3 AHS Chronic diseases, including cancer, type 2 diabetes and cardiovascular diseases, have a major impact on the health of Albertans. In 2005, 12,749 Albertans were diagnosed with cancer and 5,332 people died from the disease, with the most common types of cancer being prostate (men), breast (women), lung (both sexes) and colorectal (both sexes) cancers (Alberta Health Services Alberta Cancer Board., 2008). Six percent of Albertan adults (150,092) were living with diabetes in 2007, with 15,376 newly diagnosed cases and 453 deaths during this same year (Alberta Health and Wellness - Surveillance & Environmental Health Branch). Similar to the numbers for diabetes in Alberta, there were an estimated 14,385 new cases of ischemic heart disease (IHD) and 158,635 total cases of the heart related disease in In 2007, heart disease and stroke accounted for 31% of all deaths in Alberta (Alberta Health and Wellness - Surveillance & Environmental Health Branch). The economic cost of these illnesses is substantial. According to the Economic Burden of Illness Canada when the economic cost of each disease is added together the total cost for the province was an estimated $3.15 billion dollars for the year With cardiovascular disease costing an estimated $1.48 billion, diabetes costing $234.8 million and cancer costing $1.44 billion. As the population ages, these costs will increase, strengthening AHS s resolve to prevent chronic diseases that share common risk factors. The evidence reviewed for this report demonstrates that a healthy diet, regular physical activity, and the maintenance of a healthy body weight have the potential to dramatically reduce the rate of morbidity and mortality from these chronic diseases. The evidence also indicates that currently there is room for improvement in terms of individual behaviour, as well as programs and policies to support the adoption of healthy measures to prevent disease. Prevention Through Nutrition The data reviewed for this report clearly indicates that diet has a direct influence on developing disease. Unfortunately the research also clearly indicates that Albertans are not following diets that would prevent these chronic diseases. According to the 2007 Canadian Community Health Survey, over half of adult Albertans are eating less than 5 servings of fruit and vegetables every day. More men fail to meet this minimum requirement than women, with 64% of men eating less than 5 serving per day compared to 48% of women. In addition to meagre fruit and vegetable consumption, Albertans also consume too much sodium and saturated fat, and not enough fibre. All of these dietary elements contribute to the rates of disease in Alberta. Nutrition and Cancers The evidence reviewed indicates that there are several dietary habits that can help prevent cancer. A diet containing high fibre foods, nonstarchy vegetables and fruits help to decrease the risk of developing certain cancers. Avoiding large amounts of red meat, sodium, and any amount of alcohol, sugar-sweetened beverages, or nutrient deficient foods is also beneficial. In addition, a diet containing a moderate amount of milk may be beneficial but individuals should avoid exceeding daily limits. Nutrition and Diabetes To help prevent the development of type 2 diabetes Albertans should include high fibre foods, polyunsaturated fat, and essential fatty acid in a varied diet. A low to moderate consumption of alcohol can actually help reduce the risk. For men, a moderate amount of alcohol is 2 alcoholic beverages per day and for women it s 1 alcoholic beverage per day. Additionally, avoiding saturated fat, nutrient deficient foods, excessive amounts of alcohol and sugar sweetened beverages also contribute to lowering the risk of this type of diabetes. Page 3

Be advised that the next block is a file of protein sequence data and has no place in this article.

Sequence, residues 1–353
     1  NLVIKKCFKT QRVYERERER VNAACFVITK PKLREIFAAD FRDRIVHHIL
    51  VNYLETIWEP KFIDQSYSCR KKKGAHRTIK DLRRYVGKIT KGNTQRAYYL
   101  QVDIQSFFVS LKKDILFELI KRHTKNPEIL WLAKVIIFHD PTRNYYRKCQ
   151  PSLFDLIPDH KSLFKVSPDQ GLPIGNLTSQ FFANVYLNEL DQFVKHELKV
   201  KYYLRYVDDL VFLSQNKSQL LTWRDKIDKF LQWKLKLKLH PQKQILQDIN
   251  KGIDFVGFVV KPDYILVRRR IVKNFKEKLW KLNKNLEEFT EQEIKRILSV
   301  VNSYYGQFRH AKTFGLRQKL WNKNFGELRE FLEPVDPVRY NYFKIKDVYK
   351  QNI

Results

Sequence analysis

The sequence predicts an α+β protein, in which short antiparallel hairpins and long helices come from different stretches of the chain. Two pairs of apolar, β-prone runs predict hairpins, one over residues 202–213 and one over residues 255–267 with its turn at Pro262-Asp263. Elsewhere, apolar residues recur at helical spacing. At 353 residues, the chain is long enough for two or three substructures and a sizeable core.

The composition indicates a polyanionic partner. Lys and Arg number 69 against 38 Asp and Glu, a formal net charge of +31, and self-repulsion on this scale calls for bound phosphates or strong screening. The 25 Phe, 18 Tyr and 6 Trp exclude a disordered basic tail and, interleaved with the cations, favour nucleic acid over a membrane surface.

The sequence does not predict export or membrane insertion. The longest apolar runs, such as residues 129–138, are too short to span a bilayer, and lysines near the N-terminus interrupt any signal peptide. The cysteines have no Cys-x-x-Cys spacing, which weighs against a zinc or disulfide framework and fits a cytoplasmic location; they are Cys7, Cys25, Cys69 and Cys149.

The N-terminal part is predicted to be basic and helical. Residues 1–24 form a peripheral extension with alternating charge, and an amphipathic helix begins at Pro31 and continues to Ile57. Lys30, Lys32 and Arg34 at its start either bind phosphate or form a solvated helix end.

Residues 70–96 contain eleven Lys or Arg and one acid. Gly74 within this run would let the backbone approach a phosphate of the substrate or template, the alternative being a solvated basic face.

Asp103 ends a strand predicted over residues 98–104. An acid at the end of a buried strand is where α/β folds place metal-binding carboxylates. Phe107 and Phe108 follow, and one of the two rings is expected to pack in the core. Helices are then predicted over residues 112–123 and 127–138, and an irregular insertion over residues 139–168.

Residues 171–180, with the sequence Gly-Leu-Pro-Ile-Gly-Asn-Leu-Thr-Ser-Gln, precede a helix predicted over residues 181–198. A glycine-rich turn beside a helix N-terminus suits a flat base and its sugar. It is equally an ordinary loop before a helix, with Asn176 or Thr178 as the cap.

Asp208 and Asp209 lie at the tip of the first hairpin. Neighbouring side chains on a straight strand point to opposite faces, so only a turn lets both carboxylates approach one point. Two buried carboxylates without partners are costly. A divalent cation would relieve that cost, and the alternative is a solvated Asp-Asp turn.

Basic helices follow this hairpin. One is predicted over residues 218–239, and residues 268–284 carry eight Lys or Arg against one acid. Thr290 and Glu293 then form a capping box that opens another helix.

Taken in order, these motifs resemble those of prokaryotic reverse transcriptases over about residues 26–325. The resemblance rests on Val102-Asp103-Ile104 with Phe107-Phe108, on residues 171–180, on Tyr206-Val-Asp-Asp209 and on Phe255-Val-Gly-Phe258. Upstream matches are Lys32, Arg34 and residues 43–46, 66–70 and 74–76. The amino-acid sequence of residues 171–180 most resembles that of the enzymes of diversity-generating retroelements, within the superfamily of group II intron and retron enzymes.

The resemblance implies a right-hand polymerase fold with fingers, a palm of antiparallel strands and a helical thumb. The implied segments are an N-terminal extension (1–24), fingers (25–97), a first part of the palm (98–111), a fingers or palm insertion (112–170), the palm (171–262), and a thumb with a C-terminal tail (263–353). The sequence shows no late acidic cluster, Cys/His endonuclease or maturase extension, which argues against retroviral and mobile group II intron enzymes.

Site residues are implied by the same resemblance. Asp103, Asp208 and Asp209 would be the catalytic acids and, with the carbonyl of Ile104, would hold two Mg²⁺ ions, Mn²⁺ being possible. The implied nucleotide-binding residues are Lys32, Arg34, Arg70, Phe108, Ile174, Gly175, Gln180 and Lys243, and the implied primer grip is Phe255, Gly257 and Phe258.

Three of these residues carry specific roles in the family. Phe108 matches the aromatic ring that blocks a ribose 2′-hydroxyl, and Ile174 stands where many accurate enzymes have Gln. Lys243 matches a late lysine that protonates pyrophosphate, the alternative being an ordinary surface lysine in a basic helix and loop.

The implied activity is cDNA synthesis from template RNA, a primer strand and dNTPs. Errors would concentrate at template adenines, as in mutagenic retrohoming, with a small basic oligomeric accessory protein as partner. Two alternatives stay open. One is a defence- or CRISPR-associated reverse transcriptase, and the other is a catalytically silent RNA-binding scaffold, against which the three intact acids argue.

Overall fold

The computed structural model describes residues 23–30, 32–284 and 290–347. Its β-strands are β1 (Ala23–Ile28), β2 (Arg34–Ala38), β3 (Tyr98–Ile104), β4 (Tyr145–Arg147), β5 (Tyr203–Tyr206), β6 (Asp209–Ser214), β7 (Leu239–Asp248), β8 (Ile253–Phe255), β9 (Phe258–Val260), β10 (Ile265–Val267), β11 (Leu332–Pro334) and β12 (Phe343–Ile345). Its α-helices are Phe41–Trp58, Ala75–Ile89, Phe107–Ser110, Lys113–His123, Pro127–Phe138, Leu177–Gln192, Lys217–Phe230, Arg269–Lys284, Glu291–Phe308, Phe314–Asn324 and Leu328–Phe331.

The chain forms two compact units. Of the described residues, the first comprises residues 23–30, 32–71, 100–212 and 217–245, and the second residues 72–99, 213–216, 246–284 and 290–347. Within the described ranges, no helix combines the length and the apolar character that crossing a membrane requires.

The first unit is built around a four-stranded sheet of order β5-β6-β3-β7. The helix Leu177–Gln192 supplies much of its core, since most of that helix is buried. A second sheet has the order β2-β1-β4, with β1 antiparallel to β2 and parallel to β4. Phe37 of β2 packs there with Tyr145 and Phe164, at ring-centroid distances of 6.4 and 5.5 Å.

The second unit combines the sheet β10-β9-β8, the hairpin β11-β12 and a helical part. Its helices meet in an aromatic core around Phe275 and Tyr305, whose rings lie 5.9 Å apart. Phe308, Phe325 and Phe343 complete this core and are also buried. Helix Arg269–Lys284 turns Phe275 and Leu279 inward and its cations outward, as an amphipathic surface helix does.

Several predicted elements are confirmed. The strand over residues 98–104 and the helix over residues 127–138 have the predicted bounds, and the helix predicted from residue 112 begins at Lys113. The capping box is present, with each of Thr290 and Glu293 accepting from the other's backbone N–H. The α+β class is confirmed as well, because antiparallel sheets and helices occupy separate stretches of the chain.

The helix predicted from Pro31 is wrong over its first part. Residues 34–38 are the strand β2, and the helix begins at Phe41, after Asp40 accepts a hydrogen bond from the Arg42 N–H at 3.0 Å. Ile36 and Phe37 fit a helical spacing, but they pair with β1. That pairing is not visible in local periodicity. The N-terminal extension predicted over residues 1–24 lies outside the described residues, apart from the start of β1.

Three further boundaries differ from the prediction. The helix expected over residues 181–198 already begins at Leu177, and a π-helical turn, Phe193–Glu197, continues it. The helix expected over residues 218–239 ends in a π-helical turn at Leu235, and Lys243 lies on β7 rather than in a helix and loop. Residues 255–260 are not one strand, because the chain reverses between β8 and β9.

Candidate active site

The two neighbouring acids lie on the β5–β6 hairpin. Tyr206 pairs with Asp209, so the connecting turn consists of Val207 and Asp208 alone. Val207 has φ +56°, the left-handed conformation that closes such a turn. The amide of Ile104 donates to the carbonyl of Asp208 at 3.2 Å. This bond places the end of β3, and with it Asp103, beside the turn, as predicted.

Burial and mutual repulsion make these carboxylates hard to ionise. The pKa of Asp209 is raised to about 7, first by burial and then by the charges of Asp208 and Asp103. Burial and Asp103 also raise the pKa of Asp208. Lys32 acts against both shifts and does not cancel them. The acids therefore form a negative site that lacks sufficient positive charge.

4 AHS Nutrition and Cardiovascular To reduce the risk of cardiovascular disease increase consumption of high fibre foods, nonstarchy vegetables, fruits, polyunsaturated fat and essential fatty acid. As with type 2 diabetes, avoid large amounts of alcohol, but a low to moderate consumption can help reduce the risk. Avoid saturated fat, trans fat, cholesterol, high sodium and salted foods, nutrient deficient foods and sugar-sweetened beverages. See Table 2: Nutrition and the Prevention of Chronic Disease for a summary of the recommendations listed in this section. Physical Activity and the Prevention of Chronic Disease Research from multiple sources confirms that regular physical activity reduces the risk of type 2 diabetes, cardiovascular disease, and several types of cancer including breast and colorectal cancer. Furthermore physical inactivity clearly contributes to health care costs every year. In fact, it is estimated that physical inactivity accounted for 2.6% of the total health care costs of Canada, a cost of $3.7 billion in 2001 alone. If an additional 10% of adult Albertans added 30 minutes of vigorous exercise 4 times a week it is estimated that health care costs could be reduced by $150 million per year. Physical inactivity costs in many ways. It increases the costs of health care and increases a person s risk of developing a chronic disease. In Alberta nearly half of the population is inactive. And while the prevalence of inactivity is nearly equal among men and women, it increases with age, with more than half of seniors (aged 75 and older) listing themselves as inactive. In addition both education and income level influence activity, with those with higher education and income levels reporting more activity than Albertans with the least amount of education and lower income levels. These findings suggest that seniors and lower income level Albertans need more support to get and stay active and reduce their risks. Table 2: Nutrition and the Prevention of Chronic Diseases Types of Foods Dietary Characteristics Cancer Type 2 Cardiovascular (certain sites) Diabetes Disease High fibre foods/diets Plant Foods Non-starchy vegetables Fruits Red or processed meat, Animal Foods smoked/grilled/charbroiled meats Milk High Calcium Diet High total and saturated fat Fats and Oils High polyunsaturated fat, essential fatty acid High trans fat and cholesterol Salt High sodium, salted foods Alcohol Low-moderate alcohol Excess alcohol consumption High intake of energy dense, Energy Density micronutrient poor foods Sugar-sweetened beverages Page 4